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How do you stay involved in an organization in a true and authentic way when much of that organization disagrees with you on fundamental issues?  As things get more polarized, and will only get worse as we near the election, how do you stay involved in any meaningful way?  Whether it be homeschool groups/ church / social clubs; anything that gathers on a regular basis and has a social component to it.  I see many posts here where people say they don't agree with their "____" but stay because of the great things it provides their family.  

If the organization is a group where I will spend significant time but there is significant "group think", I struggle with staying. I get exhausted being the one person who feels differently on significant issues and I end up just leaving so that I, or my family, don't have to fake it or hide what we believe. 

I've left several homeschool groups/social organizations over the years because of it. Haven't left my church yet, but that's because its generally big enough so it can house many trains of thought..and they are my employer 😉 

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I just shrug and don’t care. I’m a big believer in ‘live and let live’ and privately holding a different opinion or stance has rarely interferes with my enjoyment or useful of particular groups.  I just don’t poke at places we disagree. Why do they have to align with me for me to have fun it be involved? If I differ from the main group’s thinking, so what?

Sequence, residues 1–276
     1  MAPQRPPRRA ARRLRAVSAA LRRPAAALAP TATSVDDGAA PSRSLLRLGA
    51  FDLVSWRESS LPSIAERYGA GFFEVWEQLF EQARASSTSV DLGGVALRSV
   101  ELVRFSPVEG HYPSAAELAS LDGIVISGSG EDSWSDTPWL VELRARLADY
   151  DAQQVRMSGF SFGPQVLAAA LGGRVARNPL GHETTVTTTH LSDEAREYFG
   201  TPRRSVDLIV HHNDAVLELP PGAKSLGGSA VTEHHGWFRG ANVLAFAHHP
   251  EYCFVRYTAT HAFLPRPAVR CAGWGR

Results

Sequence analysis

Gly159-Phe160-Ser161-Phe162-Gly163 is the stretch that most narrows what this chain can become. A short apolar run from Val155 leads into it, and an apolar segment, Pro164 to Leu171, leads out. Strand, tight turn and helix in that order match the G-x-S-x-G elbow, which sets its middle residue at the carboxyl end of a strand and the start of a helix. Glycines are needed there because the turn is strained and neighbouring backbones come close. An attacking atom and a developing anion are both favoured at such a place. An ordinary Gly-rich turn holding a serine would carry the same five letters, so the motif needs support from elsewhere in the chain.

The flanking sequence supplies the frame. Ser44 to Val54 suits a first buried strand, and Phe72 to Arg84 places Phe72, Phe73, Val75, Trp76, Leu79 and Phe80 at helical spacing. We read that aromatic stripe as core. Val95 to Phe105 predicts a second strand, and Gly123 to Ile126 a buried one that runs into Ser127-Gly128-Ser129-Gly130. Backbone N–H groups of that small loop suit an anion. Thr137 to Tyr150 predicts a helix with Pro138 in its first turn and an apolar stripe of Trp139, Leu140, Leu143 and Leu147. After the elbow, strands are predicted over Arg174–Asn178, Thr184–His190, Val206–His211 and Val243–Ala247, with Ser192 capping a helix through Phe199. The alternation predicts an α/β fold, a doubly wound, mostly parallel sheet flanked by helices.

If it is so fundamental to the function of the group it can’t be ignored, I leave and look for a better fit. It’s not inherently a flaw with *them* that they might not match *me*. That’s just arrogant.

Edited by Bagels McGruffikin
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2 minutes ago, PerfectFifth said:

How do you stay involved in an organization in a true and authentic way when much of that organization disagrees with you on fundamental issues?  As things get more polarized, and will only get worse as we near the election, how do you stay involved in any meaningful way?  Whether it be homeschool groups/ church / social clubs; anything that gathers on a regular basis and has a social component to it.  I see many posts here where people say they don't agree with their "____" but stay because of the great things it provides their family.  

If the organization is a group where I will spend significant time but there is significant "group think", I struggle with staying. I get exhausted being the one person who feels differently on significant issues and I end up just leaving so that I, or my family, don't have to fake it or hide what we believe. 

I've left several homeschool groups/social organizations over the years because of it. Haven't left my church yet, but that's because its generally big enough so it can house many trains of thought..and they are my employer 😉 

This is pretty much why we left. It's never just masks. Why no masks? What does that tell you about them? 

I read some advice somewhere about staying in relationships with people who disagree with you about fundamental issues. Is give and take allowed? Or is it always one-sided? Is one person/side always asked to accommodate everyone else? 

What we discovered when all of this blew up for us was that it went way beyond COVID. 

 

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I don’t really have a lot of organizations that I participate in, but when I do participate in things, I tend to keep them separate.